About One DNP

I earned my "terminal practice" degree in nursing from the University of Tennessee Health Sciences Center in a journey of excitement and challenge. It inspired me to advocate for an all encompassing clinical credential rather than continuing the hodgepodge of nonsensical initials. I hope these entries will provide entertainment and insight into the Doctor of Nursing Practice experience, which will soon be the entry standard for all advanced practice nurses.

Sunday, November 23, 2014

AANP Abstract Accepted!

When I submitted my abstract, Counting Every Drop: Navigating Low Milk Supply, for consideration for the American Association of Nurse Practitioners 2015 national conference in New Orleans, I did not expect it to be accepted. Not only was this my first submission to AANP,  but the conference presenters are the top of their field, and this topic is very much out of my daily professional expertise. I am surprised and honored to be selected as a podium presenter and to share the knowledge that I researched out of my personal struggles dealing with low-milk supply. Here is a look at my abstract submission:

Brief Bio 
Dr. Jaclyn Engelsher is a Psychiatric Mental Health and Family Nurse Practitioner, and is nationally certified in Oriental Medicine. She has over a decade of experience blending allopathic and complementary evidence-based therapies for physical and emotional wellness.

Summarize why the topic is important 
Current guidelines recommend exclusive breastfeeding for the first six-months of life, however many women are unable to produce adequate milk to meet this goal. Unlike initial difficulties or short-term factors that impact full supply, those suffering with chronic low-milk supply require a higher level of education, management, and support to increase or maintain production. The purpose of this presentation is to describe genetic, social, and emotional factors that contribute to low milk supply, and provide the practitioner with a summary of evidence-based allopathic and complementary interventions.

Summarize the literature on the subject
A review of the literature demonstrates up to 15% of women experience insufficient lactation, and 4-5% have chronic-low supply. The contributing factors can be categorized into issues of either production or extraction. Breast structure, previous breast surgery, certain medications, and pregnancy or postpartum complications contribute to production issues. Extraction issues may be related to feeding length and frequency, insufficient milk transfer, and incomplete breast emptying. Early detection and intervention with galactagogues, latch correction, and feeding or pumping optimization increase the likelihood of reaching full supply.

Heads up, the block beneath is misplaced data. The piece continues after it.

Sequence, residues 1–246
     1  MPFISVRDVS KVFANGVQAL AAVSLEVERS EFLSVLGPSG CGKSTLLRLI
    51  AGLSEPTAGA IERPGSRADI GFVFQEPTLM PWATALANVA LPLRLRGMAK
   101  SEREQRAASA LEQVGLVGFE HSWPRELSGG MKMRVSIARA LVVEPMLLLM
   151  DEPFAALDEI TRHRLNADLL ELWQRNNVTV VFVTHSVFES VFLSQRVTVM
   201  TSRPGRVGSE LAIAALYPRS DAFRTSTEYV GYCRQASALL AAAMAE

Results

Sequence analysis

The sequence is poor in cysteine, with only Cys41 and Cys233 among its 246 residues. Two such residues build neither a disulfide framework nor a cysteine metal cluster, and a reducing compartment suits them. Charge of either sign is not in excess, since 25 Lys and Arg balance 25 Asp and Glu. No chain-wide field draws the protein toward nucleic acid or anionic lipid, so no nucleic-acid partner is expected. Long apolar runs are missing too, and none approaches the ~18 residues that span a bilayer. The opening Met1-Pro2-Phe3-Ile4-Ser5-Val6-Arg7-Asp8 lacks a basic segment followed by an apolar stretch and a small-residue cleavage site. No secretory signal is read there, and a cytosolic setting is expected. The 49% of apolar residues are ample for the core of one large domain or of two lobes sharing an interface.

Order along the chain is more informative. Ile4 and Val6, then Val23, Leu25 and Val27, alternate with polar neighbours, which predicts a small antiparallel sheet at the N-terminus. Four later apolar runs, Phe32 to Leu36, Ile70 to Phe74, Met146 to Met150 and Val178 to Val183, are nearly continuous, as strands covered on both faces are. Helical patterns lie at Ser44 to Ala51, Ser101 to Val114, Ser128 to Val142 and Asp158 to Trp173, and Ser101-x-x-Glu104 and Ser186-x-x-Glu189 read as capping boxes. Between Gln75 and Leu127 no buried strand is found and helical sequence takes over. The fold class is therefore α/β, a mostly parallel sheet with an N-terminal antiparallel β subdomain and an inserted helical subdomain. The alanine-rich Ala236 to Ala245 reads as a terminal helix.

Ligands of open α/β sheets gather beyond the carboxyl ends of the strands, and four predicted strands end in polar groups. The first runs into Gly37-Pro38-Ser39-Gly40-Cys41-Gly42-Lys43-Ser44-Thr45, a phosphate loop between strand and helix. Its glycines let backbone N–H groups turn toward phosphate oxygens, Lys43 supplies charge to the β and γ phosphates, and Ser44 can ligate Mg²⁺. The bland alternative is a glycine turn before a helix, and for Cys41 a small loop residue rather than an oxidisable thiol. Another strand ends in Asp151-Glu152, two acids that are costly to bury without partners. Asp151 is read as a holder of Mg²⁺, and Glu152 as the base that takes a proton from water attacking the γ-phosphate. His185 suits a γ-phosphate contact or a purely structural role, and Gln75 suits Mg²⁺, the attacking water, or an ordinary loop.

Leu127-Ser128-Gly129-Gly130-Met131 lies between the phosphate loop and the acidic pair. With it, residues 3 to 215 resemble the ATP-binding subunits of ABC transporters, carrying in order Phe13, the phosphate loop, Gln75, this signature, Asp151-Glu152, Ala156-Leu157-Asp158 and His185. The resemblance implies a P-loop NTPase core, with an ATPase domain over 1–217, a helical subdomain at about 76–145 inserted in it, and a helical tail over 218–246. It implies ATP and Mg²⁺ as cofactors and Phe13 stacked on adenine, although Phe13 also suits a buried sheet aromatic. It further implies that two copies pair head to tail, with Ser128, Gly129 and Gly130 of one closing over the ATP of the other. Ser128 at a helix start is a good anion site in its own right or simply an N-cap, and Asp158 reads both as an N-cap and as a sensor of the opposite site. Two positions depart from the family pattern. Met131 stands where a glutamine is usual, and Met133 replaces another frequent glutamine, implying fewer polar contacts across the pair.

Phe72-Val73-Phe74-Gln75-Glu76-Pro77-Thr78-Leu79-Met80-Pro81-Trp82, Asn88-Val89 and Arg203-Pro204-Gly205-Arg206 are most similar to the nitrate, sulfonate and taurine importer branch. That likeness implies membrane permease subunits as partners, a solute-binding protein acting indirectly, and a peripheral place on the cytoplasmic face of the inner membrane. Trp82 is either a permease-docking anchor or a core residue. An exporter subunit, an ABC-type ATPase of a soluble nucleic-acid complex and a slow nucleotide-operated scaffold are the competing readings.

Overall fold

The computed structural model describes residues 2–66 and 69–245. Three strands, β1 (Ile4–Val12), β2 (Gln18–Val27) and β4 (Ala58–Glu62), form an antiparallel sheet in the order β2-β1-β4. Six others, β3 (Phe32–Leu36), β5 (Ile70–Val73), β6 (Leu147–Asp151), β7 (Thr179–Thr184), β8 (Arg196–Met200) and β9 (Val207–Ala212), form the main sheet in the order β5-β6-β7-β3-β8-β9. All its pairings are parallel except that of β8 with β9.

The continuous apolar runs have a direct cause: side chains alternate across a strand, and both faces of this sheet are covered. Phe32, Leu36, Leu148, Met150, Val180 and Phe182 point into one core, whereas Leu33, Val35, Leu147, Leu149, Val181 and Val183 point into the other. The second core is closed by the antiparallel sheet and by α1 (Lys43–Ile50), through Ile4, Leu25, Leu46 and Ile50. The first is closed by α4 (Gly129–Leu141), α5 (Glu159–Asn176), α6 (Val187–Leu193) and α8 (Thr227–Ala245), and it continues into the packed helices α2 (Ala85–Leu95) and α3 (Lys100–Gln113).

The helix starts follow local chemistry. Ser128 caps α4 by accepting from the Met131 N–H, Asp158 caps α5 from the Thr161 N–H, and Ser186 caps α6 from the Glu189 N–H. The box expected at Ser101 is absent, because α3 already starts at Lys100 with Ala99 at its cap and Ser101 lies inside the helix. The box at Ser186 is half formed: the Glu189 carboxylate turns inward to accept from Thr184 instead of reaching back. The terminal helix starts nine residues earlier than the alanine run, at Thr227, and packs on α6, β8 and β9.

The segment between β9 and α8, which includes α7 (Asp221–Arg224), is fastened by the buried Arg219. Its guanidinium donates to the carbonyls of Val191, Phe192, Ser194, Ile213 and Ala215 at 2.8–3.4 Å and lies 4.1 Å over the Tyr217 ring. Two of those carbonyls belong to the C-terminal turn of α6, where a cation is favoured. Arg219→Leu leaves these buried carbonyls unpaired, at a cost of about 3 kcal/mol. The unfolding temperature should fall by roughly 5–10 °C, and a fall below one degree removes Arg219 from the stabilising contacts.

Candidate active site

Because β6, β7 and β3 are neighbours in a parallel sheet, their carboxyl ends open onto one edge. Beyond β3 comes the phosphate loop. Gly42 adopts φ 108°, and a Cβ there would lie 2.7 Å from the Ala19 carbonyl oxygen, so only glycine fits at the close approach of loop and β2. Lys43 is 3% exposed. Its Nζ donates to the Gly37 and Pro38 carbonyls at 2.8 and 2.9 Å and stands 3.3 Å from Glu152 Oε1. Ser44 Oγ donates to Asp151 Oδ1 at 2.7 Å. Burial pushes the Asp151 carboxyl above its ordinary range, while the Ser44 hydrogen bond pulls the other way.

Summarize the focus of the presentation, such as management of condition, etc. 
This presentation will provide evaluation strategies and review causes of low milk supply, including insufficient glandular tissue, infant lip and posterior tongue tie, postpartum difficulties, hormonal imbalances, diet, and emotional factors. Pharmaceutical, herbal, and food-based galactagogues, and lifestyle interventions such as feeding and pumping regimens, will be presented to help the practitioner identify appropriate management strategies. A list of patient education and peer-support references will be provided.

Describe the implications for practice, policy, education, and/or research 
Low-milk supply evaluation and intervention has practice implications for the nurse practitioner specializing in pediatric, women’s-health, family, and mental health care. Differentiating transient from chronic supply issues, and early identification and management are key in choosing the appropriate intervention for the physical and emotional health of mother and baby.